But it's easy to forget how subtle this criterion is. Turing proposes changing the question from "Can machines think?" to the operational criterion, "Can we distinguish between a human and a machine?" But it's not a trivial question: it's not "Can a computer answer difficult questions correctly?" but rather, "Can a computer behave in ways that are indistinguishable from human behavior?" In other words, getting the "right" answer has nothing to do with the test. In fact, if you were trying to tell whether you were "talking to" a computer or a human, and got only correct answers, you would have every right to be deeply suspicious.

Alan Turing was thinking explicitly of this: in his 1950 paper, he proposes question/answer pairs like this:

Q: Please write me a sonnet on the subject of the Forth Bridge.

A: Count me out on this one. I never could write poetry.

Q: Add 34,957 to 70,764.

A: (Pause about 30 seconds and then give as answer) 105,621.

We'd never think of asking a computer the first question, though I'm sure there are sonnet-writing projects going on somewhere. And the hypothetical answer is equally surprising: it's neither a sonnet (good or bad), nor a core dump, but a deflection. It's human behavior, not accurate thought, that Turing is after. This is equally apparent with the second question: while it's computational, just giving an answer (which even a computer from the early '50s could do immediately) isn't the point. It's the delay that simulates human behavior.

Dave Ferrucci, IBM scientist and Watson project director
Dave Ferrucci, IBM scientist and Watson project director

While Watson presumably doesn't have delays programmed in, and appears only in a situation where deflecting a question (sorry, it's Jeopardy, deflecting an answer) isn't allowed, it's much closer to this kind of behavior than any serious attempt at AI that I've seen. It's an attempt to compete at a high level in a particular game. The game structures the interaction, eliminating some problems (like deflections) but adding others: "misleading or ambiguous answers are par for the course" (to borrow from NPR's "What Do You Know"). Watson has to parse ambiguous sentences, decouple multiple clues embedded in one phrase, to come up with a question. Time is a factor -- and more than time, confidence that the answer is correct. After all, it would be easy for a computer to buzz first on every question, electronics does timing really well, but buzzing first whether or not you know the answer would be a losing strategy for a computer, as well as for a human. In fact, Watson would handle the first of Turing's questions perfectly: if it isn't confident of an answer, it doesn't buzz, just as a human Jeopardy player.

Equally important, Watson is not always right. While the film clip on IBM's site shows some spectacular wrong answers (and wrong answers that don't really duplicate human behavior), it's an important step forward. As Ferrucci said when I spoke to him, the ability to be wrong is part of the problem. Watson's goal is to emulate human behavior on a high level, not to be a search engine or some sort of automated answering machine.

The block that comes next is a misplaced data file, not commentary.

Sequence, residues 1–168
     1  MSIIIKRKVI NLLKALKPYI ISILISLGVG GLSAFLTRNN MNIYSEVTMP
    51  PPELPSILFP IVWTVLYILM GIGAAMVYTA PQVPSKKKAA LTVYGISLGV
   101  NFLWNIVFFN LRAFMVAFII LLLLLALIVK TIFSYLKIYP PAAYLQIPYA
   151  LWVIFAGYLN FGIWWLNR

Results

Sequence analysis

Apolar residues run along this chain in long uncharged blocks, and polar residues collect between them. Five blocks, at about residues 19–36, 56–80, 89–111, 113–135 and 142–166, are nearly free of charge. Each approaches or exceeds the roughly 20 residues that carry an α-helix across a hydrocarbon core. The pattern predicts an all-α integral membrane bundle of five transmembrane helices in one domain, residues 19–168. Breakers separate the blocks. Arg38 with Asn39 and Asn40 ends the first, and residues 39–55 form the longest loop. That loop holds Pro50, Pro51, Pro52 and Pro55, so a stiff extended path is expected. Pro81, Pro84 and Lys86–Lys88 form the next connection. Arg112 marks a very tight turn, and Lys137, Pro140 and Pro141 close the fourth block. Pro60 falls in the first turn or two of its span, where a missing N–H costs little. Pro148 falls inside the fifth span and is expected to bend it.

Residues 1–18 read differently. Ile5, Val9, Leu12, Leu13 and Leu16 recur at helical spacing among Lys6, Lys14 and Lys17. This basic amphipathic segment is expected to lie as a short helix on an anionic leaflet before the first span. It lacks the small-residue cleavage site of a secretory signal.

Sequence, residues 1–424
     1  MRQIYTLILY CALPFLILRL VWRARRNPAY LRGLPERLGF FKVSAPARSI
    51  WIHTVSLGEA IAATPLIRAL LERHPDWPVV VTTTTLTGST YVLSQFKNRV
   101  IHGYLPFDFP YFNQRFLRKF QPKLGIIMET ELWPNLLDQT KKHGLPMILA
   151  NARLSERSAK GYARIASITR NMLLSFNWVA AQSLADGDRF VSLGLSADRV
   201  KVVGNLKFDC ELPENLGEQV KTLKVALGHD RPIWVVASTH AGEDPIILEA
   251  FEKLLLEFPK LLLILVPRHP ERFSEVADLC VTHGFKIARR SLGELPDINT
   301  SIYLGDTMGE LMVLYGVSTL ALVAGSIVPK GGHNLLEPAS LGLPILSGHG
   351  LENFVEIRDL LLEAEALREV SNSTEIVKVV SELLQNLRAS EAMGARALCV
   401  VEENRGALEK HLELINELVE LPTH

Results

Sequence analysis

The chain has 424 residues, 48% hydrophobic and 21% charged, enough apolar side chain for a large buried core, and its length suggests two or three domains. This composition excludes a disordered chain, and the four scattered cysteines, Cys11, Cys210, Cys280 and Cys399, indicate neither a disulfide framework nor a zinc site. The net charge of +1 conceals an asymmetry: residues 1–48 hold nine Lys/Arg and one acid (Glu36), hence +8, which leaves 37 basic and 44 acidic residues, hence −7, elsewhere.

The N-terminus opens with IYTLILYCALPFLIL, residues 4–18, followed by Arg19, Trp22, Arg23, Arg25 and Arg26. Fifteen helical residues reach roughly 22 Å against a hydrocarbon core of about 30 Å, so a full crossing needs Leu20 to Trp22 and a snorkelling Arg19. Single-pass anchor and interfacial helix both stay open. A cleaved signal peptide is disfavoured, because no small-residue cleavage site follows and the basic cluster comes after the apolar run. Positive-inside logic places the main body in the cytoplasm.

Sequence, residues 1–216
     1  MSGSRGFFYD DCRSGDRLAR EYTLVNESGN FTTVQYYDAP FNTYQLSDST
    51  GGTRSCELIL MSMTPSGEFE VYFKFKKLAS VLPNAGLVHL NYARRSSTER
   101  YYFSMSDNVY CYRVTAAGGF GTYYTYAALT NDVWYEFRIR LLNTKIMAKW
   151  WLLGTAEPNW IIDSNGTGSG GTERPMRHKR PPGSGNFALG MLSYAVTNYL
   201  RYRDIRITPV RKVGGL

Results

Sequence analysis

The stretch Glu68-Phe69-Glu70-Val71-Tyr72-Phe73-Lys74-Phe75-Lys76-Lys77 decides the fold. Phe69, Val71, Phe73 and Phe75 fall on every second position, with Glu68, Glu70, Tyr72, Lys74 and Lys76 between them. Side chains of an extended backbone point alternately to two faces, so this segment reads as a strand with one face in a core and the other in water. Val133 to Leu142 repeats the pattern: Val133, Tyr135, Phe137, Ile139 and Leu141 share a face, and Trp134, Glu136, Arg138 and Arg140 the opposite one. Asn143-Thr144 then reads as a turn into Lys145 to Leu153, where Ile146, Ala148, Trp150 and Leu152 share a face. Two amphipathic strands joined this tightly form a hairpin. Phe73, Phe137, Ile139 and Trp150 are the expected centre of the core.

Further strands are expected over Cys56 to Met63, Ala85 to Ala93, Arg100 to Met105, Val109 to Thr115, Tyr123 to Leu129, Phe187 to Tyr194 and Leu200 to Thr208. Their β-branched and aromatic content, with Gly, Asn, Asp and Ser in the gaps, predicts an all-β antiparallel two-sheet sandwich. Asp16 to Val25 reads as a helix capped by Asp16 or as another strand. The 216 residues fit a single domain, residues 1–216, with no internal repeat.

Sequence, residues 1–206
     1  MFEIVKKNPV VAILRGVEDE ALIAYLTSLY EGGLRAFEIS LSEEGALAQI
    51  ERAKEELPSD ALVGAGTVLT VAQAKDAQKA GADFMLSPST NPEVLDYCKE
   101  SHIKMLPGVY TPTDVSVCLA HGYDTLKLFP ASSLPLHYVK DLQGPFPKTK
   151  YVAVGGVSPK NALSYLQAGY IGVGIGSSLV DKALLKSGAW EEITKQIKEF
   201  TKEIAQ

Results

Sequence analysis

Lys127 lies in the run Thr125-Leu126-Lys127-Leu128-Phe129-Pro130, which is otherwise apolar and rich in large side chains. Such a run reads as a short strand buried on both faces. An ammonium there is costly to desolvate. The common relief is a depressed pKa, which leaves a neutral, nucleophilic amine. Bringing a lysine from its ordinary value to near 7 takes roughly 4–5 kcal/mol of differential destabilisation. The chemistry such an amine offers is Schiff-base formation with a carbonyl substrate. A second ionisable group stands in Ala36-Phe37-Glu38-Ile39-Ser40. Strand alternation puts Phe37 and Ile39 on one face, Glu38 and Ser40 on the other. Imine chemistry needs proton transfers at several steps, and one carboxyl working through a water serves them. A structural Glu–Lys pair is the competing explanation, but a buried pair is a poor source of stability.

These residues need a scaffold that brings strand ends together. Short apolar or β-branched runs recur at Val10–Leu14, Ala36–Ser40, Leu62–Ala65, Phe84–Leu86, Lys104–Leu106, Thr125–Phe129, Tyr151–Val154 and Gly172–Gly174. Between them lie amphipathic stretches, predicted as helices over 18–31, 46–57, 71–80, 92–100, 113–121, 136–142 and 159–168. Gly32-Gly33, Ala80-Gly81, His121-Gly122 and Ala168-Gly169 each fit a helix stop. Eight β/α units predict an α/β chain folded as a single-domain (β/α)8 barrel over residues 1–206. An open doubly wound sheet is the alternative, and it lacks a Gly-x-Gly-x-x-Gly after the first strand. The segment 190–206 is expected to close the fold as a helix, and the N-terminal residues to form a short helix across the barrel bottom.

Some fascinating statements are at the end of Turing's paper. He predicts computers with a gigabyte of storage by 2000 (roughly correct, assuming that Turing was talking about what we now call RAM), and thought that we'd be able to achieve thinking machines in that same time frame. We aren't there yet, but Watson shows that we might not be that far off.

But there's a more important question than what it means for a machine to think, and that's whether machines can help us to ask questions about huge amounts of ambiguous data. I was at a talk a couple of weeks ago where Tony Tyson talked about the Large Synoptic Survey Telescope project, which will deliver dozens of terabytes of data per night. He said that in the past, we'd use humans to take a first look at the data and decide what was interesting. Crowdsourcing analysis of astronomical images isn't new, but the number of images coming from the LSST is even too large for a project like GalaxyZoo. With this much data, using humans is out of the question. LSST researchers will have to use computational techniques to figure out what's interesting.

"What is interesting in 30TB?" is an ambiguous, poorly defined question involving large amounts of data -- not that different from Watson. What's an "anomaly"? You really don't know until you see it. Just as you can't parse a tricky Jeopardy answer until you see it. And while finding data anomalies is a much different problem from parsing misleading natural language statements, both projects are headed in the same direction: they are asking for human behavior in an ambiguous situation. (Remember, Tyson's algorithms are replacing humans in a job humans have done well for years). While Watson is a masterpiece of natural language processing, it's important to remember that it's just a learning tool that will help us to solve more interesting problems. The LSST and problems of that scale are the real prize, and Watson is the next step.



Photo credit: Courtesy of International Business Machines Corporation. Unauthorized use not permitted.